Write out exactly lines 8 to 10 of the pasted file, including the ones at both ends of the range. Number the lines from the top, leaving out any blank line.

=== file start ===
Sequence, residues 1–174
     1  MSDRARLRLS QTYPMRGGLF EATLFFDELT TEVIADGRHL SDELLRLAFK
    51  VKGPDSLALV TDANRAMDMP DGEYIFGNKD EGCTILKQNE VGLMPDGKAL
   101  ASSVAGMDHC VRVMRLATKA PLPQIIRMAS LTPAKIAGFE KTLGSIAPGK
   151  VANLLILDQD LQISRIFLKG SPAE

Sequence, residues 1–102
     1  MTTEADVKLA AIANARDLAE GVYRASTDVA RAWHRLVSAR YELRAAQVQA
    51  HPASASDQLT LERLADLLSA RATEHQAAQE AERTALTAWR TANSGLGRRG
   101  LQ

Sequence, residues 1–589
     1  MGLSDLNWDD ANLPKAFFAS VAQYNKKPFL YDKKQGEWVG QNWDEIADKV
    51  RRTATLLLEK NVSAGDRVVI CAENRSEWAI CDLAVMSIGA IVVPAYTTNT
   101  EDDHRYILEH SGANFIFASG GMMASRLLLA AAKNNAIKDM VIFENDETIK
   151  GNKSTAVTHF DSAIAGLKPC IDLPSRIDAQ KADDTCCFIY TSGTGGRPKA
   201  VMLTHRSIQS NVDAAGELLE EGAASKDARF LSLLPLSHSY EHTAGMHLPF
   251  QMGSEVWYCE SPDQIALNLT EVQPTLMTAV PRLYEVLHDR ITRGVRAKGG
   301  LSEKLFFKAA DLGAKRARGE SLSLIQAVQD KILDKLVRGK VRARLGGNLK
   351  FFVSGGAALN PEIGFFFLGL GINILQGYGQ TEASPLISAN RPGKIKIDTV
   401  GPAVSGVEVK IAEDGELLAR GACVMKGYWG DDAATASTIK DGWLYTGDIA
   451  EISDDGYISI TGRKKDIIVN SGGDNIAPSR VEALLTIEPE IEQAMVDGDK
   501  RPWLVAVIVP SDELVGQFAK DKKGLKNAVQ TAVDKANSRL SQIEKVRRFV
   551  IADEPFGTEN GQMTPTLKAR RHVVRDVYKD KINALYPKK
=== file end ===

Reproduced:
    51  HPASASDQLT LERLADLLSA RATEHQAAQE AERTALTAWR TANSGLGRRG
   101  LQ

Sequence, residues 1–589